Whether you are a military alumni, historian, veteran, or just an enthusiast, giving your dog a famous general’s name is a great way to honor history’s great minds. There are an absolute ton to choose from since there are names from nearly every branch of the military and names from nearly every country that ever fought a major war, let alone battle. Okay, so maybe they won’t all be necessarily generals per se, but given the rank and file of the names that grace this list, they surely won’t be failing short of recognition, status, or distinction, and neither will your dog should you choose to bestow them with one of history’s great names.
Famous General Dog Names in Pop Culture
Maybe Chips doesn’t have the toughest name, or even a general’s name for that matter, but he is considered the most decorated dog from WWII. And yes, you read that correctly.
World War II wasn’t even the first time dogs were trained and employed in an organized manner. In fact, they had been used regularly in World War I for sentry work, as messengers, and to clear foxholes of rats so soldiers could properly settle into them.
After the attack on Pearl Harbor on December 7, 1942, the day the United States of America was thrust into the war, the US government had already come to terms with the limited availability of their forces. Fortunately, a private citizen was already getting efforts in motion by forming Dogs for Defense, a program that encouraged private citizens to “donate” their pets for military service. Over a two-year period, nearly 40,000 dogs were donated to the cause, 10,000 of which were eventually selected for full training.
The initial requirements for the program were loose and encompassed around 30 breeds, aged one to five years old, and at least 50 pounds, but over time, refined their search to a more ideal training age (18 months to three years) and more easily trainable breeds, namely Collies, Belgian Sheep Dogs, German Shepherds, Siberian Huskies, Malamutes and the Marine Corps favorites, Doberman Pinschers.
Among those selected for training was Chips, a German Shepherd-Siberian Husky-Collie mix, owned by Pleasantville, New York’s Edward Wren. Chips was quickly trained for sentry work in the US Army and shortly after joined active forces. With his handler John Rowell, Chips served with the 3rd Infantry Division everywhere from North Africa to Italy and Germany.
But instead of serving more traditional duties, Chips quickly skyrocketed to the status of a hero. In 1943, during the invasion of Sicily, Chips and Rowell were pinned down by Italian machine-gunners. When he sensed an opportunity, Chips broke from his handler and jumped into the pillbox, attacking the gunners and flushing them out to surrender to US troops, sustaining numerous injuries in the process. Later that same day, he also helped take ten Italian soldiers prisoner.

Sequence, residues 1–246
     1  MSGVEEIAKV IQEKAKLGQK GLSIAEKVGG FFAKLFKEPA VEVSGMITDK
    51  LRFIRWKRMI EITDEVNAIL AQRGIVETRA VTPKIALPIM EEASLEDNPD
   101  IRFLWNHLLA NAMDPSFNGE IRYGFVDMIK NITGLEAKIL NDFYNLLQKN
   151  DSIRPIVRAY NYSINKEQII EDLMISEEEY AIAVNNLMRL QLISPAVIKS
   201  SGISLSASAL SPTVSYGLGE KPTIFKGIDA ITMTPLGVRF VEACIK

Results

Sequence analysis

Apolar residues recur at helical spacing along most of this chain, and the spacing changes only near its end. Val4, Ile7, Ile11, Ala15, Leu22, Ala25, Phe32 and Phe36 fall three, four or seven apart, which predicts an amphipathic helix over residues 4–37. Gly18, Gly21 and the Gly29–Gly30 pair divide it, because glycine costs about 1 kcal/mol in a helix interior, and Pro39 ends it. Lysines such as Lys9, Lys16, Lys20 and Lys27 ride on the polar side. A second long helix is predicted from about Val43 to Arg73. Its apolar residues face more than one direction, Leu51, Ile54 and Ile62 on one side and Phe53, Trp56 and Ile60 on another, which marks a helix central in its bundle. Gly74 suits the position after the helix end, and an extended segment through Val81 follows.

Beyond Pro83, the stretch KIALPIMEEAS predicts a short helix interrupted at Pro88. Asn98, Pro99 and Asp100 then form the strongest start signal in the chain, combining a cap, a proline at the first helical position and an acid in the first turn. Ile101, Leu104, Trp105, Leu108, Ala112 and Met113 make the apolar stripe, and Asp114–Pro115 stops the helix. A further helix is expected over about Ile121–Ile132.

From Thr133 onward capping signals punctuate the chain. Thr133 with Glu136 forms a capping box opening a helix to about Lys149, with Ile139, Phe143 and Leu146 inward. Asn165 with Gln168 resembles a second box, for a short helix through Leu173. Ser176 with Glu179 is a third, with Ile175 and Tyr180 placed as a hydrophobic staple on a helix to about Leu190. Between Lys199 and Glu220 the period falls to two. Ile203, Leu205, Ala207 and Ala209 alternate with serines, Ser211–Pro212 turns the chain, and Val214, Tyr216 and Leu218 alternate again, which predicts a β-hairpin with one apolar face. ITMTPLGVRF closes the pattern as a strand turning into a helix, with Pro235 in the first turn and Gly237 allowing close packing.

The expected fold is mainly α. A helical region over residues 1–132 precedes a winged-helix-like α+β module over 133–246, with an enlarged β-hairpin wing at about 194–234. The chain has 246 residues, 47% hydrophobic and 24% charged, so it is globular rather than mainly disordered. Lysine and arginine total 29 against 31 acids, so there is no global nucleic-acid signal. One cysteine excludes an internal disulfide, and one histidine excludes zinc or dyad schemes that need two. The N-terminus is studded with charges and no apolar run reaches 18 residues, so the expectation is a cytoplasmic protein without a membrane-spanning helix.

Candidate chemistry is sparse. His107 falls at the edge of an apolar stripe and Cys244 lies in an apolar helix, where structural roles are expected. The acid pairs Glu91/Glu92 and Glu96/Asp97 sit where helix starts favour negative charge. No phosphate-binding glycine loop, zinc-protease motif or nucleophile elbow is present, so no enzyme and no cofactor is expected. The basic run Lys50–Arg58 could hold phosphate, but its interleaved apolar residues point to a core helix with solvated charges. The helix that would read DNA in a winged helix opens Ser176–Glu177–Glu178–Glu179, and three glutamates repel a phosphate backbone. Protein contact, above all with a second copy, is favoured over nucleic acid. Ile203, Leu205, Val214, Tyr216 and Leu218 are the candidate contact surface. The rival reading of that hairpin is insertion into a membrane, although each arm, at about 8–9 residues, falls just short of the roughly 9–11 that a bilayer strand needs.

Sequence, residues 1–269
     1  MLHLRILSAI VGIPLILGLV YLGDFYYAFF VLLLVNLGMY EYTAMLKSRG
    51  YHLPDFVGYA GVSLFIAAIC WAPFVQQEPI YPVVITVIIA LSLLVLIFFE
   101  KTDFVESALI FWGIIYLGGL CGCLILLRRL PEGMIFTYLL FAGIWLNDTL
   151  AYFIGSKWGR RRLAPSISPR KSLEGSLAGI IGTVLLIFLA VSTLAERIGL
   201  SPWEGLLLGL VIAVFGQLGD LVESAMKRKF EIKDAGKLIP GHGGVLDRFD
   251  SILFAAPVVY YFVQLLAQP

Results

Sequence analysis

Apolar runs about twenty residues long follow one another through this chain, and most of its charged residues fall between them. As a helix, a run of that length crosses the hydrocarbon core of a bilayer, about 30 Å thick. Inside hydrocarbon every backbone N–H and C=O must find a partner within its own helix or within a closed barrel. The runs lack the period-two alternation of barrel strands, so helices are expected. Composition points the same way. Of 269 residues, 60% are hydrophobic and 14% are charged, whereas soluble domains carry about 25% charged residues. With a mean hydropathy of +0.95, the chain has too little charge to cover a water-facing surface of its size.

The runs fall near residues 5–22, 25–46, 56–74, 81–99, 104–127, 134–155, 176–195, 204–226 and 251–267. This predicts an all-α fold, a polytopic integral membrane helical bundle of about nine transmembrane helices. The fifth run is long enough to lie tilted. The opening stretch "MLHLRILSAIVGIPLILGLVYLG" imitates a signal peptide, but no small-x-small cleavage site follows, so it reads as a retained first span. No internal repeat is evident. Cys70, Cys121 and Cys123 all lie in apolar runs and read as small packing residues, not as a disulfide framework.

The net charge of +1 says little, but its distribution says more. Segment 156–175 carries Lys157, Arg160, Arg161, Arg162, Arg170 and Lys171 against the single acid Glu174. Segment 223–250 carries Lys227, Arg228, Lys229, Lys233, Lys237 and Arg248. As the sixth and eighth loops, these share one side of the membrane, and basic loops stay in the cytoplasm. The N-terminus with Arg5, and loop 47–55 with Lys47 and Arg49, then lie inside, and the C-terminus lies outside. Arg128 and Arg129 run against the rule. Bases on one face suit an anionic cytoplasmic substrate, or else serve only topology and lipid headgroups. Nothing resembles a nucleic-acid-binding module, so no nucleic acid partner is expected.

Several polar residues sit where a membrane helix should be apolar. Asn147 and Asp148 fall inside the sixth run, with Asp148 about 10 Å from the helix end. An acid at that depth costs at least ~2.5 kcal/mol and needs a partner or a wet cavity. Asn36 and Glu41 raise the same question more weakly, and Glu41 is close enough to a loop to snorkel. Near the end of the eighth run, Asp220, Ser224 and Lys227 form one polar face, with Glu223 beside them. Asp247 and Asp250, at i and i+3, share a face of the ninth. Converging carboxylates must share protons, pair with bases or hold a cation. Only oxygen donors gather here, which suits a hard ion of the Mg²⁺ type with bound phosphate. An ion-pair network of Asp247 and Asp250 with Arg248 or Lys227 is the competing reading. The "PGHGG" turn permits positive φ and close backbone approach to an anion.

For his these and other actions and bravery, Chips was awarded a Purple Heart, a Silver Star, and a Distinguished Service Cross, although they were later revoked through a military bureaucratic policy preventing animals from receiving commendation, but his unit awarded him medals unofficially anyway. After the war, Chips was supposedly discharged and returned to his family.
His acts were so heroic, he was honored posthumously, first by Disney, who made a TV movie based on his life titled Chips, the War Dog, and second by the PDSA with a Dickin Medal, the dog equivalent of The Victoria Cross, the highest award of the UK’s honours system.
Famous General Dog Name Considerations
Given the sheer number of wars, battles, and conflicts throughout world history, let alone the individual members involved that had significant influence on each individual turnout, the possibilities are daunting. But that also means there are a full roster of options at your disposal, so finding one to fit your pooch can be much more individually suitable.
Consider your dog’s breed, area of origin, looks, and personality when weighing your options, as each could provide inspiration for something suitable.
For instance, if you have a French Bulldog who is demanding of territory, both Turenne and Massena, two of Napoleon’s best marshals, would be suitable names since they play on your dog’s area of origin, breed itself, and their personal tendencies. If you want to take it a step further, name your Miniature French Schnauzer with Small Dog Syndrome, Napoleon or Bonaparte.
By a similar measure, if your Japanese Chin loves to splash around in the water and scare the local duck population, Togo might be a perfect name, after Heihachiro Togo, one of Japan’s greatest Admirals, especially if your dog really likes "To-go" for it.
Whatever you choose, don’t be afraid to take a shot in a few different directions, you’ll never know what you might hit. But it’s almost important to be aware that not all good generals or war heroes were good people, so do your research and be mindful of the types of implications associated with certain names, as they may be offensive to some. More than all else, have fun and find your dog a great name that will be as timeless as the veterans themselves.